HM Treasury recently announced it is to introduce retrospective legislation that effectively rules out business rate appeals based on material change in circumstances (MCC) due to the pandemic. It said it would provide more targeted support than the business rate appeals system, and announced a new rate relief fund of £1.5 billion for UK businesses affected by Covid19. This will target office-based businesses and sectors outside non-essential retail, where there is a moratorium on business rates.
The Chancellor said that many of those businesses ineligible for reliefs have been appealing for discounts on their rate bills, arguing the pandemic represented an MCC. The government said that market-wide economic changes to property values, such as from Covid19 can only be properly considered at general rates revaluation, and it will therefore be legislating to rule out Covid19 related MCC appeals.
Instead a £1.5 billion pot will be distributed according to which sectors have suffered most economically, rather than on the basis of falls in property values. The devolved administrations will receive an additional £285 million through the Barnett formula, with £90 million being provided to the Welsh Government.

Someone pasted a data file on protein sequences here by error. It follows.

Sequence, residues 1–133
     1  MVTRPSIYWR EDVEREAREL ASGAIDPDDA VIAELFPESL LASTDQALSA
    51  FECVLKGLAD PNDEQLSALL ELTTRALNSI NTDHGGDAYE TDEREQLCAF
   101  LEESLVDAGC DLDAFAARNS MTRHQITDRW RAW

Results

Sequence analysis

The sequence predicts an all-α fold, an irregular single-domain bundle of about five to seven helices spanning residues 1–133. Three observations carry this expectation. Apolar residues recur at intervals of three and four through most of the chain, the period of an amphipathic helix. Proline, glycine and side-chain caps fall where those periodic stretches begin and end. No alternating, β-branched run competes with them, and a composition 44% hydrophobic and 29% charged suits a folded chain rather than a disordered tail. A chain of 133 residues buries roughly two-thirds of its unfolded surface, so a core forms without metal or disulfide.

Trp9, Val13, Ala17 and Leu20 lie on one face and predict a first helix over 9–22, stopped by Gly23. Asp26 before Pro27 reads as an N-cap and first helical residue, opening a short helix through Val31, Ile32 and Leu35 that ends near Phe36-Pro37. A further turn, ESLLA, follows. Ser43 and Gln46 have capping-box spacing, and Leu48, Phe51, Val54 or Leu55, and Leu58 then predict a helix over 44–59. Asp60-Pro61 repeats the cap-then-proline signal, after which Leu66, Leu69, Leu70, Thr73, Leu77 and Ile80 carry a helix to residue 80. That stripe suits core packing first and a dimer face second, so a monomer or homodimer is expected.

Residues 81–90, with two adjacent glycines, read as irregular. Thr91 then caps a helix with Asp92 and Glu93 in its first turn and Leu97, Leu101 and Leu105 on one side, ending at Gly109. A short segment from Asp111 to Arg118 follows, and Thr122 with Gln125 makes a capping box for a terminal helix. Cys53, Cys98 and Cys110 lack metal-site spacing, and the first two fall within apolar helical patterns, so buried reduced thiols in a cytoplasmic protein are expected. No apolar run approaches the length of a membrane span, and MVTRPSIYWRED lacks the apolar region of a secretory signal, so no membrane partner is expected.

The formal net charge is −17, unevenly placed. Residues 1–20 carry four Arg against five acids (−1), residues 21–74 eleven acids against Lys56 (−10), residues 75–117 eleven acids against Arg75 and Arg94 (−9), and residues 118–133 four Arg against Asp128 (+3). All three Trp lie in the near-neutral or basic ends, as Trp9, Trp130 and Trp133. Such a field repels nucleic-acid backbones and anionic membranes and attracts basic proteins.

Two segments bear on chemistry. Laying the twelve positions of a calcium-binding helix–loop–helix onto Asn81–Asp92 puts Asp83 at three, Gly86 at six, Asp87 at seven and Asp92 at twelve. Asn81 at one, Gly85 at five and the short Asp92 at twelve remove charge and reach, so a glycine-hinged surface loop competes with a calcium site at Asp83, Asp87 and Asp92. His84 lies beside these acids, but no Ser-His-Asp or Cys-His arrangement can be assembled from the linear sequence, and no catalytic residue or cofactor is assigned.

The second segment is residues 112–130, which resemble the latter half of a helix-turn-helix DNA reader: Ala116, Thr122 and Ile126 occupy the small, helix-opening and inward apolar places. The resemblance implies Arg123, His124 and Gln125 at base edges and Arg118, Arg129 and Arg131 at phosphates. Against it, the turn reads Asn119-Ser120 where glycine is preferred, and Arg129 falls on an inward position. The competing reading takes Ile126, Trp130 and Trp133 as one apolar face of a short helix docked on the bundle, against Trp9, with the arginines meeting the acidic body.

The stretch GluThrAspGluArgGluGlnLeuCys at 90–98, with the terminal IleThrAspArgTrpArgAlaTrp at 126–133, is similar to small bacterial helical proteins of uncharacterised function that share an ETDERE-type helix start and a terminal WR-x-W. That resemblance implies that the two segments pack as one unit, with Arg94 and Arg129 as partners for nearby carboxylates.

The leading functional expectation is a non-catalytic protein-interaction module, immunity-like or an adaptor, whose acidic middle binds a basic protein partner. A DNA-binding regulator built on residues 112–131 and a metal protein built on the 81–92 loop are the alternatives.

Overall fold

Business Rates Director at Cooke & Arkwright, Andrew West said, “As we reported last Wednesday, the Valuation Office Agency had been in talks with the Rating Surveyors Association (RSA) after a record number of appeals were lodged from businesses not covered by the existing Covid related business rate relief. The VOA halted the talks abruptly in December and there had been no further explanation until now.
“We now know that those appeals, which were mostly based on the adverse impact to property values caused during the pandemic will effectively be void, with the new fund intended to provide some compensation to these affected businesses.
“The RSA has estimated that £5 billion is at stake – money that would safeguard jobs in many sectors that have fallen through the cracks in terms of not receiving sufficient Government support. In this context the £1.5 billion fund will fall far short of the true economic impact on businesses.
“We await to hear from the Welsh Government about how it intends to distribute its £90m allocation.”